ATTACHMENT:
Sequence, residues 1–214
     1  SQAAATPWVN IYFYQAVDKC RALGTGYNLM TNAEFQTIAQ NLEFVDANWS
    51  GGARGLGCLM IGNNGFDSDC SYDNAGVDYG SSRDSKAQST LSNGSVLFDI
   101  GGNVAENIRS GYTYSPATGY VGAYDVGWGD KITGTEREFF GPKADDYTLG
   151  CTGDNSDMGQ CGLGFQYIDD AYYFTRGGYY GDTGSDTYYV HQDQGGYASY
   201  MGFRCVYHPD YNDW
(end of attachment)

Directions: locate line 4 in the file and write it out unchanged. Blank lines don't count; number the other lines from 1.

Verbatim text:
   101  GGNVAENIRS GYTYSPATGY VGAYDVGWGD KITGTEREFF GPKADDYTLG